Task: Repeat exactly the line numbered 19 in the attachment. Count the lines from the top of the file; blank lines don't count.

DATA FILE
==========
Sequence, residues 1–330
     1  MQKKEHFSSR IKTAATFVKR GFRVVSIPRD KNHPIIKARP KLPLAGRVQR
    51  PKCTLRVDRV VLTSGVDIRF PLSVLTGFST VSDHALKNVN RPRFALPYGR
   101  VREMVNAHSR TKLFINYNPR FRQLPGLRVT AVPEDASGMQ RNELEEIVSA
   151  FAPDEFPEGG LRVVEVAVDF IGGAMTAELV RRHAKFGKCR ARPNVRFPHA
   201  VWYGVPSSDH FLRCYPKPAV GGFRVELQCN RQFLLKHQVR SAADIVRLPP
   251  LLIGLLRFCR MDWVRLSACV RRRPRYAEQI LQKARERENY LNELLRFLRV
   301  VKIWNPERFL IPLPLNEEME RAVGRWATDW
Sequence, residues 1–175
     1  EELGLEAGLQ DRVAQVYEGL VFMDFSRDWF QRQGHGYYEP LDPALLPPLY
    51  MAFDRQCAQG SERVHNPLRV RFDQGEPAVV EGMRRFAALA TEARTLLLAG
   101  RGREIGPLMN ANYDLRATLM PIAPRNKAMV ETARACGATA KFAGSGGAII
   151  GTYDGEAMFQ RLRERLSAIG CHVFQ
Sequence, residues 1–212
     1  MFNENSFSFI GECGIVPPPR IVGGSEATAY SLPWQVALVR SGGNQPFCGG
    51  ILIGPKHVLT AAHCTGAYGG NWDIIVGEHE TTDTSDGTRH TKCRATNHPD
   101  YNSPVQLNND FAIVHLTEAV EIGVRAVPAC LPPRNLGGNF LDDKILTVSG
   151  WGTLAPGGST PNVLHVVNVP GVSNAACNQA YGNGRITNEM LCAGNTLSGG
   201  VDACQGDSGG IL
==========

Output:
   201  VDACQGDSGG IL